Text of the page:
We’ve talked a lot about reading in this blog and I was reminded at a work training this week that not only do we prepare our kids to become future readers, but we prepare them to become future writers as well.
I was under the misconception that writing was all about fine motor skills. I did a lot with my kids to strengthen their pincer grasp, but I didn’t know how important shoulder, back and forearm strength was for future handwriting success.
This workshop opened my eyes to a whole new level of early literacy success.
Some of the ideas I share below came from the workshop and others came from a great website called Your Therapy Source: Gross Motor Skills and Handwriting. I’ve put it in a graphic format so you can print it out and remind yourself to add play into your day to help your child develop the muscles he needs to become a strong handwriter.
This afternoon go find a park and try out some of the activities, not only will you and your child spend some quality time together, the play will actually build the arm and hand strength needed to be a successful student.
There are also great blog posts about how handwriting develops.
It didn’t take long for my husband and I to fall in love with the Montessori Preschool our oldest daughter attended. Every material had a purpose, children were given meaningful work and every activity supported independent exploration and grew confidence.
What I saw as each of my children progressed through the Children’s House program is every activity served the child on multiple levels preparing them for reading well before they looked at a written word. Table washing, metal insets, cleaning mirrors it didn’t matter the activity it trained the child to look from left to right, to develop hand strength for writing, to explore the sounds of words. When ready, a child would trace the rough exterior of the letters and practice the sounds. It was amazing to see our children grow as readers every year.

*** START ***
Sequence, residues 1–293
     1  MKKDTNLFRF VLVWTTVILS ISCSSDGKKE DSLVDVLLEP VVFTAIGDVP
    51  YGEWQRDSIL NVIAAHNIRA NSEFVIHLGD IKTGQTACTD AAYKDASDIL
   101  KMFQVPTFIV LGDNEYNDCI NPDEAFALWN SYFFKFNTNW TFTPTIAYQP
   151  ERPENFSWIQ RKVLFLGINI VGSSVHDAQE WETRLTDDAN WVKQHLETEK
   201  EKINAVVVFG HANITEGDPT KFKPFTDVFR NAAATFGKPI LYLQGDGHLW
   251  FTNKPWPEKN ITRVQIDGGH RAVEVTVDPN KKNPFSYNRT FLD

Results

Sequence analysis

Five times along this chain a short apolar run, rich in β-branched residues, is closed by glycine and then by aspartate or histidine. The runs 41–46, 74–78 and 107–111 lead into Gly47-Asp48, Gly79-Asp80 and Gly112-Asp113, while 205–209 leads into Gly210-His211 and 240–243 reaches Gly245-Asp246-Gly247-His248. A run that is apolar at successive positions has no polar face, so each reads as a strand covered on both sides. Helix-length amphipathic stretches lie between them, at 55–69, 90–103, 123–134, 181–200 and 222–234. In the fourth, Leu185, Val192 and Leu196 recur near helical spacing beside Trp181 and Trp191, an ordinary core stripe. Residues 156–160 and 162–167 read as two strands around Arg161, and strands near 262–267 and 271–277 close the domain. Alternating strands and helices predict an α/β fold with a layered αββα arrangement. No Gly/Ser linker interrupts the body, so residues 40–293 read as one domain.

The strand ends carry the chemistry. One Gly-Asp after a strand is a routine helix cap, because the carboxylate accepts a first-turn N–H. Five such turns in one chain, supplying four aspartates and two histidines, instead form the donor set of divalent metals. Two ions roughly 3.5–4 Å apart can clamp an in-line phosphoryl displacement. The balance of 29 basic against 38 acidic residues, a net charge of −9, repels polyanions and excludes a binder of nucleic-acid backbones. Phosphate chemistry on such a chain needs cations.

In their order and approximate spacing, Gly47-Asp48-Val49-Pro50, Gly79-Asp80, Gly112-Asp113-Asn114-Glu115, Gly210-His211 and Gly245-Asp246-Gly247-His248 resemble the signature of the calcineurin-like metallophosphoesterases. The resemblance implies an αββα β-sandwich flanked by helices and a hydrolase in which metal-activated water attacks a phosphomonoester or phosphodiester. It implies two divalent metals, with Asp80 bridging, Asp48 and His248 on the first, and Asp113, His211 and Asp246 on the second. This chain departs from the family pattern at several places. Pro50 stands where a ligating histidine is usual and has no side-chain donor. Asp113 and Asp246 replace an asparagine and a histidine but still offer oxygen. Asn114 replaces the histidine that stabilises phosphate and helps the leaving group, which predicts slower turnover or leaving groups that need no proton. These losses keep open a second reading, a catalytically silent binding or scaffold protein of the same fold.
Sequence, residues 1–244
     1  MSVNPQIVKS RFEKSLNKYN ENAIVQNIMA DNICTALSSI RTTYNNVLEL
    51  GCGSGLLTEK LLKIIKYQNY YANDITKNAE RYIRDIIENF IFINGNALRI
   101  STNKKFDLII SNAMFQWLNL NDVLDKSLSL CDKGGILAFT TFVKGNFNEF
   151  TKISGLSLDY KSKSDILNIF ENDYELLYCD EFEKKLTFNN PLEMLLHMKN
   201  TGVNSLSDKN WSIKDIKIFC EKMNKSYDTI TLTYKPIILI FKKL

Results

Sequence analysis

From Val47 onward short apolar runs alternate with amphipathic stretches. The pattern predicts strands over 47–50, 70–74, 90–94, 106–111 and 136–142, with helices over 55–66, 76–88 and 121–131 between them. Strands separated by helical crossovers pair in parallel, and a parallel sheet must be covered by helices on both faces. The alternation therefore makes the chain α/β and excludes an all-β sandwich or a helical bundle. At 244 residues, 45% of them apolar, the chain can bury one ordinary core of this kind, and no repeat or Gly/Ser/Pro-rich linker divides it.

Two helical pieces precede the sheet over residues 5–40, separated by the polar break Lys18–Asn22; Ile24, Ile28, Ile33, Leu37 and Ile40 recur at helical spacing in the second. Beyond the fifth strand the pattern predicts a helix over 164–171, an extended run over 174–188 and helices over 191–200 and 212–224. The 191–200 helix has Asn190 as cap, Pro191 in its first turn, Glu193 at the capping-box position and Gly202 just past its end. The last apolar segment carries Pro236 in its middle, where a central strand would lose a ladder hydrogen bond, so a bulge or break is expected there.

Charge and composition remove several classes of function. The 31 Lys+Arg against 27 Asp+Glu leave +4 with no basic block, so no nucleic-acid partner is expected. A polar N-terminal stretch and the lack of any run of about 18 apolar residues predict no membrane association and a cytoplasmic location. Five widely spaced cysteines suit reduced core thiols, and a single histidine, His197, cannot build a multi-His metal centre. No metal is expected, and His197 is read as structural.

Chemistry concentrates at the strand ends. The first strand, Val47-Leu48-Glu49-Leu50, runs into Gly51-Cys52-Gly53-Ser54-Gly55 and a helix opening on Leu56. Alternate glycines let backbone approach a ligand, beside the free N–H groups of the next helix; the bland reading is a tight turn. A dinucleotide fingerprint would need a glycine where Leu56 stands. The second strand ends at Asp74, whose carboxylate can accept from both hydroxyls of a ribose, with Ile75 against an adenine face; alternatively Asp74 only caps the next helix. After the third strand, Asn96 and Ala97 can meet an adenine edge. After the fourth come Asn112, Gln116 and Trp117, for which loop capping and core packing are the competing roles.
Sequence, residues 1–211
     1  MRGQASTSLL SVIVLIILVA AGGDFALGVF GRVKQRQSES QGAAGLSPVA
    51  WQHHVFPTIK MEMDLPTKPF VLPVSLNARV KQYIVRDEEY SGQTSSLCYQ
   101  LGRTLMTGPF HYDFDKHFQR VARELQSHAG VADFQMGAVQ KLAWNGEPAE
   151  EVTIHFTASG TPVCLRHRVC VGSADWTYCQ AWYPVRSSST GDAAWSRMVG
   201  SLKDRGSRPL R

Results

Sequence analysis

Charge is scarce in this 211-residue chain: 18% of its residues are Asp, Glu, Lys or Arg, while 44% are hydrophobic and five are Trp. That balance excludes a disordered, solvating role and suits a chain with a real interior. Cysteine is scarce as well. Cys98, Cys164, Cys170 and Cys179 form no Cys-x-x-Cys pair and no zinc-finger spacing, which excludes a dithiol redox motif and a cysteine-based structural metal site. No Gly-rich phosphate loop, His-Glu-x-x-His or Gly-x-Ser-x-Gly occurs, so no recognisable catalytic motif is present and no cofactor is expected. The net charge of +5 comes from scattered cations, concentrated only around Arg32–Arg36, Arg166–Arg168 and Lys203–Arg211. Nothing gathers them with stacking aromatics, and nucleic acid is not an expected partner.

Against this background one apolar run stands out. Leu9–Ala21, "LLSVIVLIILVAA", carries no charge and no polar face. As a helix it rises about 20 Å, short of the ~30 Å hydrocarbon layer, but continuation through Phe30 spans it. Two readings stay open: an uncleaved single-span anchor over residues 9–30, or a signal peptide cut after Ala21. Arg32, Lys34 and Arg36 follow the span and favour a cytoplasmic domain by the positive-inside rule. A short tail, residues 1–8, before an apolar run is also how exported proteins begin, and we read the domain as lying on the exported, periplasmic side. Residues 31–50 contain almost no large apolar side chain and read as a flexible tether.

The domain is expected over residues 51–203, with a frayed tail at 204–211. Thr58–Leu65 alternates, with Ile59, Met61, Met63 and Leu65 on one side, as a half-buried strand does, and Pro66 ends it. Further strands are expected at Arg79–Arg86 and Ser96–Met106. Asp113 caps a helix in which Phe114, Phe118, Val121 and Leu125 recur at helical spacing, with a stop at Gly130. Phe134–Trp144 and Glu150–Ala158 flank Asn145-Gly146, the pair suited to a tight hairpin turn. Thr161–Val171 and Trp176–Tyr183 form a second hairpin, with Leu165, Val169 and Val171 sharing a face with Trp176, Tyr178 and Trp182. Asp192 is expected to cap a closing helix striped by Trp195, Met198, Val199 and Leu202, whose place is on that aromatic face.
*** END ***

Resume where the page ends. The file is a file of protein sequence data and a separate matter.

Play is one of the most important activities your child can do to prepare for future school success. We can’t all send our kids to Montessori schools but there are great materials you can use at home to help build future readers!
I Spy. Collect objects from around the house. Toys or common household objects. Put them on a tray and start the game. Cater it to the age of the child. For very young children say something like, “I spy with my little eye something blue.” When the child selects the object name what it is. As they get older you can use sounds. “I spy with my little eye something that starts with an S sound.” It is important to highlight the sound and not the letter name. You want the child to hear the sounds of the words that will help him when he begins to read independently. For the oldest age you can use rhyming sounds or blended sounds. Another variation is to put the objects in a bag and have the child feel the object and name it before she pulls it out of the bag.
Sandpaper Letters. Touch is an important element of learning. Especially for children because they are such concrete learners. Show your child how to trace the letters with their fingers. Sound each letter and try not to use the letter name. As they grow older put blended sounds together or begin to make words.
Alphabet Object Set
Similar to the I Spy game this toy has objects with cards. The child will label the item with the correct card. Aimed for older preschoolers this is still a useful game for young children. Label the object and read the name to the child and it will help associate the word with the thing. You can also do this around your house. Make your own labels and tape them to objects within your child’s line of sight. Dressers, beds, sink, cupboards. Get creative and help your child see words everywhere!
There are a lot of ways you can start building literacy skills before your child even enters preschool. Being intentional in play will help your child have fun while learning.